Felipe Drugovich says that having to run behind Christian Lundgaard’s car while it expelled fluid and smoke into his vision was “a nightmare” in Formula 2’s first Monaco sprint race.
Lundgaard was pressuring Guanyu Zhou for the lead early on before clouds started to appear from the rear of his car. He dropped into the clutches of Drugovich but continued to circulate while expelling fluid for several laps, before parking up.
Drugovich [right of frame in the above photo] said he could see the fluid for “probably three, four, five laps” before Lundgaard retired, and Formula Scout asked what it was like to race in those conditions on a street circuit where it couldn’t be avoided.
“They were pretty much a nightmare,” said Drugovich.
“Because I didn’t know how much I should push, also because [Roy] Nissany was coming behind me and he was catching me a little bit but at the same time I’m sure he was also being cautious.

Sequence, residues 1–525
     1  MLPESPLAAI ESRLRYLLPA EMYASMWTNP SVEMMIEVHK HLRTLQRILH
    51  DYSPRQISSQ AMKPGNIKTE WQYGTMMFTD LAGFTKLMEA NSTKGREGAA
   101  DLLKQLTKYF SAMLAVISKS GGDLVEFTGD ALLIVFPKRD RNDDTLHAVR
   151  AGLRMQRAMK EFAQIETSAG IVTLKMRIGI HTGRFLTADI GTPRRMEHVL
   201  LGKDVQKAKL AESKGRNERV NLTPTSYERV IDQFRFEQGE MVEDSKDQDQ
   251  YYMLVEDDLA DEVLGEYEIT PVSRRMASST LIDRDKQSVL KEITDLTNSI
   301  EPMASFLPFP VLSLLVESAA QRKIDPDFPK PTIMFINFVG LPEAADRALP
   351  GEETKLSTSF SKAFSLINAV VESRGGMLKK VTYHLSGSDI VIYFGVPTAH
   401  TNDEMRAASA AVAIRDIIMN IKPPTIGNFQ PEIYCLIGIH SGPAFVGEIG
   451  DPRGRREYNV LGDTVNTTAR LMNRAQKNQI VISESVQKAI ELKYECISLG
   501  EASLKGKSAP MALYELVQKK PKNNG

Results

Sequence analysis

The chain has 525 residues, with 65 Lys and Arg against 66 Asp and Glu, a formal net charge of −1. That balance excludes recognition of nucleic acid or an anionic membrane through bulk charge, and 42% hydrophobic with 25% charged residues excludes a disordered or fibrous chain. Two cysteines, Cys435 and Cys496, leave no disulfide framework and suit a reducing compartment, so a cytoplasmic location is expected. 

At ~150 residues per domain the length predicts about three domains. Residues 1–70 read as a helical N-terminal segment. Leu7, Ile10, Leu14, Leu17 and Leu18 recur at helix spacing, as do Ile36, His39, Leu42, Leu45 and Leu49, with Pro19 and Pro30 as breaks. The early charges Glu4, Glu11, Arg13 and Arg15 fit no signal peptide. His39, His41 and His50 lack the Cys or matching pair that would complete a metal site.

“There was a little bit of grip missing, mainly because of the steam that was coming out, but it was not proper oil. But at the same time, it was really possible that he could actually drop some oil on the track, so I didn’t want to get too close and I was dropping like two seconds every lap to make a gap, to see what was going on in front.
“But luckily he was sensible, well, I don’t know if he was sensible or not, but he stopped. It was quite easy for me from thereon, but those laps were quite difficult.”
He added that was unsure whether he had the pace to get past the ART Grand Prix driver before he retired, as the Dane’s exit from the race meant Drugovich completed Virtuosi Racing’s first one-two finish in F2 behind Zhou.
“I wouldn’t know completely if I had the pace or not to overtake him, but after the first five laps that he was pushing a lot in these first five laps, he started dropping a little bit, and I caught him,” Drugovich said.
“Knowing what these tyres are like, if you make a big degradation of them, they just get worse and worse, so maybe I could have passed him. But at the point when he started dropping some oil there, I was quite scared of being the first one behind and didn’t want to be the first one to crash.”
By removing his helmet before returning to the paddock after pulling off the track, Lundgaard was reprimanded post-race. On social media, he simply commented “no words needed” in reference to his mechanical issue.